|Ashes to ashes: Mike Ashley watches the team his owns. — AFP Photo|
by Paul Kennedy
For those of you who have never visited Newcastle, you really are missing out. It’s a great place.
A night out in this northeastern city of the UK should be top of everyone’s bucket’s list. The people are warm, even though the place itself isn’t in the winter, and after many a visit I’m yet to be disappointed.
Just 70 miles or so south of Scotland, Newcastle is a tough, industrious city that has bags of both urban cool and traditional beauty.
Downtown is about as hip as it gets and you are always just a stone’s throw away from spectacular countryside.
In many ways Newcastle is a unique place. Try having a conversation with a drunken native and you’ll probably need an app to translate what they are saying.
Also, unusually for such a big city, it only has one football club. Manchester has two, Liverpool, one and a half, Birmingham and London, loads, even Nottingham and Stoke, places much smaller than Newcastle, are blessed with more than one team.
So by the law of averages, just about every single man, woman and child from Newcastle, supports Newcastle United.
Sure, Sunderland is a rival of sorts but they are 15 miles south.
If you are from Newcastle, all your friends will support the same team. Your work colleagues too will all be united in their love of United. Brothers, sisters, cousins, uncles and aunts, will all bleed black and white.
And right now, they are all suffering, all because of one man; Mike Ashley.
Michael James Wallace Ashley, to give him his full name, is a British billionaire retail entrepreneur in the sporting goods market.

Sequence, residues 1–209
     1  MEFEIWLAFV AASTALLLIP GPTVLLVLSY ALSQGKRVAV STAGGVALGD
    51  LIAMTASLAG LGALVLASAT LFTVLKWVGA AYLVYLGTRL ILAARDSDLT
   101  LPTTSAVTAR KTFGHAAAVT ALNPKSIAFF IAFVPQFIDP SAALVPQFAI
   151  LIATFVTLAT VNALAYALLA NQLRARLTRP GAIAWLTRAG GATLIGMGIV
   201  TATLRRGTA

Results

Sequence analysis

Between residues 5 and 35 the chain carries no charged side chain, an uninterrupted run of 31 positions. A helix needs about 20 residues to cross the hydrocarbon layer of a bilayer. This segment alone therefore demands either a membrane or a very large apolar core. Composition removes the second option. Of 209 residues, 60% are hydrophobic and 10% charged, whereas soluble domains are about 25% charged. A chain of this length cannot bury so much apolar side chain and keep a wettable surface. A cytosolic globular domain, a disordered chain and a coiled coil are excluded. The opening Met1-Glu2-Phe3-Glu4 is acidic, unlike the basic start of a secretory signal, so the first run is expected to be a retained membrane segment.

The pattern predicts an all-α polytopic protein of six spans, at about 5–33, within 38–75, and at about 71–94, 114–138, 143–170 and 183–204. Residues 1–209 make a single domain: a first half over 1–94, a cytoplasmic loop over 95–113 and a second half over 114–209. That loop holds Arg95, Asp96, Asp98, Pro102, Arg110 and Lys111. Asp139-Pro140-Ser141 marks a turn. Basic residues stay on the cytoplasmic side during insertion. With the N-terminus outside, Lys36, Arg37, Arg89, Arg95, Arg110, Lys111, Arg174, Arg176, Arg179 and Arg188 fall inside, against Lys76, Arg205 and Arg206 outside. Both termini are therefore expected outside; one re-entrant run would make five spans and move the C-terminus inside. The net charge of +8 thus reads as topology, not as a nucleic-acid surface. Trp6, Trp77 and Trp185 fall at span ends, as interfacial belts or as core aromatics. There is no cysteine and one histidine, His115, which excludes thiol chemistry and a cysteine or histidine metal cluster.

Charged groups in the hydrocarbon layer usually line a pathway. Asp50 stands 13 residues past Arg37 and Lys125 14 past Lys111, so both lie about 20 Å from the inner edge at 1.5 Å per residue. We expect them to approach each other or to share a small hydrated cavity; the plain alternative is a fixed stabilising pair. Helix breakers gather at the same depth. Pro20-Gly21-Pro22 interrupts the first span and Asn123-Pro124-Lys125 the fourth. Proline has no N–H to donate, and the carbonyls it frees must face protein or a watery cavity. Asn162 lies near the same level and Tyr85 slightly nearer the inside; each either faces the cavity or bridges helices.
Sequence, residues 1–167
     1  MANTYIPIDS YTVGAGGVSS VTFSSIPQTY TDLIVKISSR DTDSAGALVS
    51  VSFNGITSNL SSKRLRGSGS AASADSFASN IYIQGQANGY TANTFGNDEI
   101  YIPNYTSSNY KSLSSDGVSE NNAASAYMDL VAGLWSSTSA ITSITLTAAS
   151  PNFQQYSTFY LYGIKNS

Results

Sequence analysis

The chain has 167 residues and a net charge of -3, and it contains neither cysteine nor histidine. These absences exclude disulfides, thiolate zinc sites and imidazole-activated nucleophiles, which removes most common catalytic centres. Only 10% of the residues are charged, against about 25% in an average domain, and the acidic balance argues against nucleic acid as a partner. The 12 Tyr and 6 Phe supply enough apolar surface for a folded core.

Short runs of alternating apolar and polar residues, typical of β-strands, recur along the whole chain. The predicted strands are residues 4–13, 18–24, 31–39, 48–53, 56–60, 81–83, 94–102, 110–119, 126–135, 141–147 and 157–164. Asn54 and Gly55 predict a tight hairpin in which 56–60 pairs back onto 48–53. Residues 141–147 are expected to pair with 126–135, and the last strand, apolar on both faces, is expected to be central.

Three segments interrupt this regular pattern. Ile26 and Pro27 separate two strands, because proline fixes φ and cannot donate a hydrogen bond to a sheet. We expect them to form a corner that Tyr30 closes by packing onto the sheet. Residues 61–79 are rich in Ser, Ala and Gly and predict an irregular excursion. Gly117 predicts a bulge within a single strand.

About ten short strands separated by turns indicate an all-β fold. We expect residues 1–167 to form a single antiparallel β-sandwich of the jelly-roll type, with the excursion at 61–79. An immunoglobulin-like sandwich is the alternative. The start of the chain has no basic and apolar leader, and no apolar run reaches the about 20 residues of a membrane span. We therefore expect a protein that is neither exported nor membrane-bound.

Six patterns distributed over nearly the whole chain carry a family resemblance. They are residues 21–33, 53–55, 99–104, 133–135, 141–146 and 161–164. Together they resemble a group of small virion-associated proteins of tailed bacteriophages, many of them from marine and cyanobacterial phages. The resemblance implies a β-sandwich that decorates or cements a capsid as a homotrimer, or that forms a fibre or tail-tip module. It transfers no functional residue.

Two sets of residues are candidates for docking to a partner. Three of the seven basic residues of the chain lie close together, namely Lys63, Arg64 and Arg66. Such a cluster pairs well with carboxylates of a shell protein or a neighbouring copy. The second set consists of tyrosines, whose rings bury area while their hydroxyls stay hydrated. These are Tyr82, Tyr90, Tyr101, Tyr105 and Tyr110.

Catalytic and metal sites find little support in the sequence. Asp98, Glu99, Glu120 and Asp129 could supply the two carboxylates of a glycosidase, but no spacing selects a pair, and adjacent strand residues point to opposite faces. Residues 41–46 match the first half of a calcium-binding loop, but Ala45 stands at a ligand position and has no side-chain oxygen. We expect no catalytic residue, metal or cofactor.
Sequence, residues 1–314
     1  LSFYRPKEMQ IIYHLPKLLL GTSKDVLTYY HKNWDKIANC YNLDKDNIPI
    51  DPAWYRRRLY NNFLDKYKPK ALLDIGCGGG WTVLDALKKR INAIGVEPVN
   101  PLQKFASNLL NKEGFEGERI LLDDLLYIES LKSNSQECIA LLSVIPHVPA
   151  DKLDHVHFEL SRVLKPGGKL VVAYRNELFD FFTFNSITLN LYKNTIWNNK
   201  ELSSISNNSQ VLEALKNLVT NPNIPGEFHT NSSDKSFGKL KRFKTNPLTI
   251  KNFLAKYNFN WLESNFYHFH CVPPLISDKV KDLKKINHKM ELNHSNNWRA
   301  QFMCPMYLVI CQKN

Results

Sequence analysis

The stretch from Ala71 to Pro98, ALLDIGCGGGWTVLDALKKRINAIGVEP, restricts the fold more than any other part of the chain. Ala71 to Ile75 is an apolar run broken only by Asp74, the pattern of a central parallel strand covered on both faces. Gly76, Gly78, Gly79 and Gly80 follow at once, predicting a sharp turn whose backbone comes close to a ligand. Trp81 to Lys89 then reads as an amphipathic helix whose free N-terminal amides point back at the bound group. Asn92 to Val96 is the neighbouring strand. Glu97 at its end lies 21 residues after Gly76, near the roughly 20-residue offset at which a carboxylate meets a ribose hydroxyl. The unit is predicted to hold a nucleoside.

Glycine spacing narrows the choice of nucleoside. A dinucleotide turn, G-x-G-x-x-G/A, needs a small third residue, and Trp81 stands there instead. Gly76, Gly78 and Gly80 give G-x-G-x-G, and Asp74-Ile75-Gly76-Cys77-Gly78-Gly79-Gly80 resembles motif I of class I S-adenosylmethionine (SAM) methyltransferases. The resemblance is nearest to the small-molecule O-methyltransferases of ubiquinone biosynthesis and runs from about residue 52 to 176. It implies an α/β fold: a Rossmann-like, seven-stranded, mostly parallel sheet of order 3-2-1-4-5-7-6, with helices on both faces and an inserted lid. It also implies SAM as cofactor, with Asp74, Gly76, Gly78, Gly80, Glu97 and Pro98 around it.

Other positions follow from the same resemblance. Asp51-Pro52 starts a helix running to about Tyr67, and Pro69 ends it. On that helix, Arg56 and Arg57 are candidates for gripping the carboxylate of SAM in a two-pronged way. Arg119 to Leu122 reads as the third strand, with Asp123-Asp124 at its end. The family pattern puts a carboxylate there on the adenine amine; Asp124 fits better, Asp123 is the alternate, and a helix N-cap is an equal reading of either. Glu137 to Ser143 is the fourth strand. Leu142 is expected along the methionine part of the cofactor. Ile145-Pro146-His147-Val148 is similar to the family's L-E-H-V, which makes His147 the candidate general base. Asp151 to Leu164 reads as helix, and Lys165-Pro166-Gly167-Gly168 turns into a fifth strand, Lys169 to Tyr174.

He bought a major stake in the club in 2007 and at first, his ‘one of the lads’ persona seemed to work well with the supporters and he was often seen necking pints of beer while wearing the black and white shirt of the team he owned.
Sadly that didn’t last.
He may well be one of the wealthiest men in Britain (Forbes listed him as number 15 in 2012) but he’s also, it seems, one of the cheapest.
In Rafa Benitez, Newcastle have a great manager. This man has won cups galore, including the Champions League with Liverpool in 2005.
But a good manager isn’t enough. He needs good players, and more importantly, a good owner, one who is willing to invest.
In Mike Ashley, they don’t have that. Instead it appears they have a sulky child who wants to hold on tight to his toys and is refusing to let anyone else play.
Football clubs may have owners but they all should have one thing in common, they work for the supporters.
Ashley’s MO in the past has been to buy struggling sportswear companies like Lonsdale, Donnay and Dunlop Slazenger. He then stocks his 400 plus sports stores with their merchandise and sells it on the cheap.
With Newcastle he seems to have done things the other way around. When he bought them they were doing relatively well.
In 2006 they finished seventh and a few seasons before reached the quarter-finals of the UEFA Cup, and had signed Michael Owen from Real Madrid.
Then in steps Mike.
He made Denis Wise director of football for reasons no-one knows yet alone understands and over the next few years Newcastle were managed by Sam Allardyce, Kevin Keegan, Joe Kinnear, Alan Shearer and Chris Hughton.
Alan Pardew came in, then he left, Steve McLaren had a go, but that didn’t last long and now they’ve got Rafa.
Are you noticing a pattern here? Managers being appointed and sacked at a rapid rate meanwhile the owner is still in place, refusing to let others play with his toy.
The football club is supposedly up for sale, but Ashley seems reluctant to sell.
Newcastle United is a great club based in a great city with great supporters. They are not some cheap sports shop selling Kangol hats and Donnay golf clubs at rock bottom prices.
Mike Ashley needs to sell up. He is ripping the soul from Newcastle and it’s not fair on the real owners of the football club, the supporters themselves.
Last week he took the team and manager for a bonding dinner where he reportedly ate spaghetti bolognese and drank pints of larger.
Many on The Tyne really hope and pray it will be his last supper. — VNS